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Exclusive: Google X carbon removal startup to launch with ex-Facebook CFO backing

Illustration of the words CO2 behind cut out of a sky by a pair of scissors

Illustration: Sarah Grillo/Axios

Carbon removal startup 280 Earth, a spin-out of Google's Moonshot Factory X, is set to officially launch, with backing led by former Facebook CFO Gideon Yu, Axios has learned.

Why it matters: The company is among those developing so-called direct air capture, a technology that has attracted a wave of investment and government support for pulling carbon dioxide directly from the air.

Details: Palo Alto-based 280 Earth spun out of Google's Moonshot Factory X in 2022. Scientists there had quietly been working on the tech for several years prior.

  • The company's carbon-sucking process, which uses a dry sorbent invented at Google X, is said to operate at a lower temperature than competitors and can tap into waste heat, like the kind emitted at factories in cooling towers.
  • Yu, who left Facebook in 2009 and started an investment firm, Yu Capital, led 280 Earth's latest funding and is expected to serve as the company's executive chairman, Axios has learned. Yu is also a co-owner of the San Francisco 49ers NFL franchise.
  • San Francisco-based firm Builders VC also backed the startup, according to a source.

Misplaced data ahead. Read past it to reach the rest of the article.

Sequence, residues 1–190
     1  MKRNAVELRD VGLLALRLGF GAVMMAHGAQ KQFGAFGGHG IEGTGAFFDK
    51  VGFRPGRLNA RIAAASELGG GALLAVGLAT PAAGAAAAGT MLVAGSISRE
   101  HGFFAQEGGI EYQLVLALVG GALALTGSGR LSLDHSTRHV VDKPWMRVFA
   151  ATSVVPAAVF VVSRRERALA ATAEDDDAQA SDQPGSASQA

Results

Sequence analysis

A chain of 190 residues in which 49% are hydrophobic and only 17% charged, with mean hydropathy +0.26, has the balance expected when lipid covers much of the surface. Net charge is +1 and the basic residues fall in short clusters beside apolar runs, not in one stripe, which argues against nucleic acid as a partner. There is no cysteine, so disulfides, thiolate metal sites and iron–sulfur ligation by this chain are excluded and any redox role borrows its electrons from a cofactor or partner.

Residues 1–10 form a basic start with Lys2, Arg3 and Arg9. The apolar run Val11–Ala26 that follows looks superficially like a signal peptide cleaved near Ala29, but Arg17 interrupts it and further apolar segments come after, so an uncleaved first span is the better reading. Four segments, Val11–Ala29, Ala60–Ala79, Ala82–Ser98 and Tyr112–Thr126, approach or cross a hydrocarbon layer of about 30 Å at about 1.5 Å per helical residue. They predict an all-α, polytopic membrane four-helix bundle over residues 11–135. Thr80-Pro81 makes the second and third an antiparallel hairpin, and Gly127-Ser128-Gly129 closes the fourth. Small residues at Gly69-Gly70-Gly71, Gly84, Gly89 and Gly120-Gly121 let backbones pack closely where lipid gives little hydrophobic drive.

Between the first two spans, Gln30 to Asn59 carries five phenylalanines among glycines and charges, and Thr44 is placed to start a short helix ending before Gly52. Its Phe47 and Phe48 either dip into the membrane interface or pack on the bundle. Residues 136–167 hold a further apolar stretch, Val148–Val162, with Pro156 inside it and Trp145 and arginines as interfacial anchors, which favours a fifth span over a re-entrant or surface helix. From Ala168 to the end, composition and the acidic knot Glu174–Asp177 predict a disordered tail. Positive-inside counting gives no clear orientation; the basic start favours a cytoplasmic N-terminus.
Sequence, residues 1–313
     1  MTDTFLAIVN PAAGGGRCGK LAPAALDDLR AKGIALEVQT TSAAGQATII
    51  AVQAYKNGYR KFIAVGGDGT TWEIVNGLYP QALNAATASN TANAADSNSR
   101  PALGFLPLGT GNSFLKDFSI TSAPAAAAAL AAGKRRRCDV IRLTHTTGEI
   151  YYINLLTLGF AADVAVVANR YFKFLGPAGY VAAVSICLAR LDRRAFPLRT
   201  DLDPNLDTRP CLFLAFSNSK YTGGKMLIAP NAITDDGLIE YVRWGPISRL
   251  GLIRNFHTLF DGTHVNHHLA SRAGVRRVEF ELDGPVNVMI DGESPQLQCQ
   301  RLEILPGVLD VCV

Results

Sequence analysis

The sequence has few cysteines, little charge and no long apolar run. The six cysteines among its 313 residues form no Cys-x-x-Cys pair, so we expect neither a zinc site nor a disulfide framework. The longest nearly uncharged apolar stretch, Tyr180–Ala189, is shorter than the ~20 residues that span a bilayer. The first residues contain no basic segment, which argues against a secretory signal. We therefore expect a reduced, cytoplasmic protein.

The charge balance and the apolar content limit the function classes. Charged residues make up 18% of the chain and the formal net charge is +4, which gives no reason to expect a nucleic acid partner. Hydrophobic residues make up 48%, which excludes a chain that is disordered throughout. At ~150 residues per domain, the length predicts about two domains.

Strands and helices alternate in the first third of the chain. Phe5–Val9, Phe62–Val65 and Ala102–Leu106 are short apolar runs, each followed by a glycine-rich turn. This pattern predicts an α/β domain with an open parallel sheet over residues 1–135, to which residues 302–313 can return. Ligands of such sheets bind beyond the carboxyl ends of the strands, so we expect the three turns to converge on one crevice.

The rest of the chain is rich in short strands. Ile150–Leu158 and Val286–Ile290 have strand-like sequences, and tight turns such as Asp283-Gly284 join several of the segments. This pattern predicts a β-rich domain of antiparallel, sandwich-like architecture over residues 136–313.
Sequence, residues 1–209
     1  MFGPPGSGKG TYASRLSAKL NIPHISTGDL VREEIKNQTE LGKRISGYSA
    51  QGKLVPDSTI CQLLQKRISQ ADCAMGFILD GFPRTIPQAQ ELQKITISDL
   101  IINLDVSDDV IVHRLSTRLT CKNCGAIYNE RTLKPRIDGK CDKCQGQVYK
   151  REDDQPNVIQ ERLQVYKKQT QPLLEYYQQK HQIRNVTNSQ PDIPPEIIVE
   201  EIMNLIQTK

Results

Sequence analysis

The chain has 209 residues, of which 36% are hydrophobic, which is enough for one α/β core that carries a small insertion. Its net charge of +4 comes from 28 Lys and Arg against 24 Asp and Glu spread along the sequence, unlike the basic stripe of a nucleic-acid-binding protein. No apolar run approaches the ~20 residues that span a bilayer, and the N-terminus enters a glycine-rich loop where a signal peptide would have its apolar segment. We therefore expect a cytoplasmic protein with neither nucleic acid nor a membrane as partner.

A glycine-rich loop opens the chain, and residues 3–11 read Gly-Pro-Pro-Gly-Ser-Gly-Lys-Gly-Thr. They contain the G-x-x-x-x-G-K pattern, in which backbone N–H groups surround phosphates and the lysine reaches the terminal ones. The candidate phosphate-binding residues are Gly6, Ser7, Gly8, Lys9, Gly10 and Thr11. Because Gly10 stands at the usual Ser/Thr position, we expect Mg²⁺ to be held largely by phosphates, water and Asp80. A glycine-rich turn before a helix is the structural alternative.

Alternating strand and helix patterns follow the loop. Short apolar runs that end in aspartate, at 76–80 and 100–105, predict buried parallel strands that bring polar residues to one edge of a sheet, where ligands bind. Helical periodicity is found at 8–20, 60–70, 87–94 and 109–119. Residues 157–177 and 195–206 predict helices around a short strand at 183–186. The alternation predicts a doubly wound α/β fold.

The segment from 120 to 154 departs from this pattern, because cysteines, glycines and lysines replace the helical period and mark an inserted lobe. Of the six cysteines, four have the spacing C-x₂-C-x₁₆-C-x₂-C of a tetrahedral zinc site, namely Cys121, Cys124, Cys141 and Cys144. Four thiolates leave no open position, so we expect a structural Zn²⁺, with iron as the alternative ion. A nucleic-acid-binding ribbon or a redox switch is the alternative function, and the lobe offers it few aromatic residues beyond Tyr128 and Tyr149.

• 280 Earth and Builders VC declined to comment. Yu was not immediately available for comment.

Zoom in: The company broke ground for its first facility in The Dalles, Oregon, according to a community news outlet in the area that visited the building site. Columbia Community said in an article last month that 280 Earth purchased just under 3 acres near Taylor Lake.

Big picture: The market for direct air capture has been heating up over the past year thanks to growing interest from oil and gas companies, increased U.S. government support, and burgeoning investor support.

  • Last August oil company Occidental agreed to acquire direct air capture startup Carbon Engineering for $1.1 billion.
  • Other oil giants like Shell and Chevron have become DAC-curious, despite the emerging nature of direct air capture tech.

What's next: 280 Earth is expected to build bigger versions of its modules that can remove more tons of carbon dioxide from the air.

Editor's note: This story was updated to add in Builders VC role in the company, and to add that the firm and 280 Earth declined to comment.

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